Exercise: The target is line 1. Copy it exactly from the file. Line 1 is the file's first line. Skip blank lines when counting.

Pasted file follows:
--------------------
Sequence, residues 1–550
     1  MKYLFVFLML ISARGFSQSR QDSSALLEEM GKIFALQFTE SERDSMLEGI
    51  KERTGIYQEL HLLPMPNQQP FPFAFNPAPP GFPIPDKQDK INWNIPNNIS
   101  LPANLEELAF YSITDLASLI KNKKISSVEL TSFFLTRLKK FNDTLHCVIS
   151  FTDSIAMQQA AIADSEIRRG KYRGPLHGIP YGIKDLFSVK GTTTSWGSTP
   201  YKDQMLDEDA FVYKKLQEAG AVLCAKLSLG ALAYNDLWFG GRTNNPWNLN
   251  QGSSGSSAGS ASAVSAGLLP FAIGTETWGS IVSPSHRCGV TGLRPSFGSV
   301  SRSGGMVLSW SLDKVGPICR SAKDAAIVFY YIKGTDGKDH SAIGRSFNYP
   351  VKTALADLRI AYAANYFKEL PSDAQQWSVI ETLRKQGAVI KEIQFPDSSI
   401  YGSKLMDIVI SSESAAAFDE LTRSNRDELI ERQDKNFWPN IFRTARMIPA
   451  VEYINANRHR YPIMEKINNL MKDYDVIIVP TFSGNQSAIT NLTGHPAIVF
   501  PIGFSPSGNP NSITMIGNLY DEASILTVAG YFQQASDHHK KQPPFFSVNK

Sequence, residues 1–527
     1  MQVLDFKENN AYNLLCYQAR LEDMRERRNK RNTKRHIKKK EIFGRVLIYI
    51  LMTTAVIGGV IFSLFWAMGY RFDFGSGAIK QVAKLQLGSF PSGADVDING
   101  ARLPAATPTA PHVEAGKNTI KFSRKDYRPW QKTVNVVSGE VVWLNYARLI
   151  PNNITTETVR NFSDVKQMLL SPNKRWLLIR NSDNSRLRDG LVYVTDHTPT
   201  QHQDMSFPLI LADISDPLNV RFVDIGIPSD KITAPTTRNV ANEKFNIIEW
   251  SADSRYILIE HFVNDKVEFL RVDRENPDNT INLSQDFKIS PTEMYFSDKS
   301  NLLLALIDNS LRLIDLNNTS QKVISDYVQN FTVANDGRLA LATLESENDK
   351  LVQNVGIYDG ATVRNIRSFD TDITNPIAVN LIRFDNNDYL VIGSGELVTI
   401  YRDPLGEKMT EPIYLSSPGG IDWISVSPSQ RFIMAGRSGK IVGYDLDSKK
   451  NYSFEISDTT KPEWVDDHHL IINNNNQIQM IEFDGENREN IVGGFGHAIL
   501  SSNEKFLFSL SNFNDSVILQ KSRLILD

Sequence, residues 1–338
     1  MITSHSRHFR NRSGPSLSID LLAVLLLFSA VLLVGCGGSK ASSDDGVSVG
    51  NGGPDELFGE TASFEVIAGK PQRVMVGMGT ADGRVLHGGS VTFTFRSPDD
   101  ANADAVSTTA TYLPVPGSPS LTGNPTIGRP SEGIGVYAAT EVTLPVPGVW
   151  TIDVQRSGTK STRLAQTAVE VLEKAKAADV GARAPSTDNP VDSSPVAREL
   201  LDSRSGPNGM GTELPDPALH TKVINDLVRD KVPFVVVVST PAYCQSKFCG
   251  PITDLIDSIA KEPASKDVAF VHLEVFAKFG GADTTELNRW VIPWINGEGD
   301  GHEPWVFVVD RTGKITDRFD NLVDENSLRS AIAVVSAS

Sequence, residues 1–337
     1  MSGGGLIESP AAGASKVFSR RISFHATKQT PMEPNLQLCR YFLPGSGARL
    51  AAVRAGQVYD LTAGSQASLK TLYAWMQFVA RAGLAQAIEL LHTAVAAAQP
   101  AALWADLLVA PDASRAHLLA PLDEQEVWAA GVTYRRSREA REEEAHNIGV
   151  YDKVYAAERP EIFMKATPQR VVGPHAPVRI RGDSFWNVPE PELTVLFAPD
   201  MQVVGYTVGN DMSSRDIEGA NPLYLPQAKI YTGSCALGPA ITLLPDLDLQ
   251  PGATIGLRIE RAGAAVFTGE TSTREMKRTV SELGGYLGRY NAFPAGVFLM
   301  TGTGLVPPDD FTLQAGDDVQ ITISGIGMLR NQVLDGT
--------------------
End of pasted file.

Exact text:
Sequence, residues 1–550